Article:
President Reagan announced an embargo yesterday on all U.S. imports from Iran and a ban on 14 kinds of "militarily useful" items previously exported to Iran.
Reagan said he was taking the action as a result of Iran's "unprovoked attacks" on U.S. military forces and merchant vessels in the Persian Gulf, its "continued aggression" against nonbelligerent nations there, its sponsorship of terrorism and its refusal to accept U.N. Resolution 598 calling for a cease-fire in the Iran-Iraq war.
"We are taking these economic measures only after repeated but unsuccessful attempts to reduce tensions with Iran and in response to the continued and increasingly bellicose behavior of the Iranian government," Reagan said in a statement.
"These measures will remain in place so long as Iran persists in its aggressive disregard for the most fundamental norms of international conduct," it added.
Reagan said the United States "accepts the Iranian revolution" and hopes to have normal relations with Iran once Iranian belligerence and tensions in the gulf diminish. These views have been conveyed to Tehran through diplomatic channels, he said.
"Unfortunately, the Iranian government's response to date, in deeds as well as in words, has been entirely unconstructive," he added.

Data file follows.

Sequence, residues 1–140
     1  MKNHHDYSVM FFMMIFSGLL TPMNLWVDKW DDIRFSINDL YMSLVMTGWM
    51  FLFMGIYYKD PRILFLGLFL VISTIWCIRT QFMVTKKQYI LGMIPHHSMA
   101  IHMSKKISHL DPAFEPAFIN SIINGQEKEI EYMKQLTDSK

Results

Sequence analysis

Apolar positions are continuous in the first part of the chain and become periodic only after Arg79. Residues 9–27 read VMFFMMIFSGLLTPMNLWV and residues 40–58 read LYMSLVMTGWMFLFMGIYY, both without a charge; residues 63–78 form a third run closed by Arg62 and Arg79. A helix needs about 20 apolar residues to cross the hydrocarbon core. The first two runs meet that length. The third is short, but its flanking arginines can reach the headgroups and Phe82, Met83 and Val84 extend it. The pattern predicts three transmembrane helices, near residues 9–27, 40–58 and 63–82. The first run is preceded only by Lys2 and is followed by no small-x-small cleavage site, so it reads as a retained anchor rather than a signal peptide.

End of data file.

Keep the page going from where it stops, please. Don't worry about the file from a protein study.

The ban on Iranian imports is to take effect as soon as possible and on the export of 14 additional categories of U.S. goods within 10 days, the statement said.
The House and Senate have voted overwhelmingly in favor of a ban on imports from Iran, particularly oil. White House officials said Reagan wanted to take the action by executive order to allow himself more freedom to lift the ban later if relations between the United States and Iran improve.
The main U.S. purchase from Iran has been crude oil, which accounted in 1986 for $500 million of the total $600 million worth of Iranian exports to the United States. Iran's earnings from oil exports to this country increased significantly in the first seven months of this year, reaching $1 billion.
Other Iranian exports are pistachio nuts, caviar and textile products.
The U.S. cutoff on the 14 categories of "militarily useful" items that Iran has been purchasing here will affect mobile communication equipment, tractors, boats, diesel engines, electrical generators, hydrofoil vessels and inboard and outboard motors.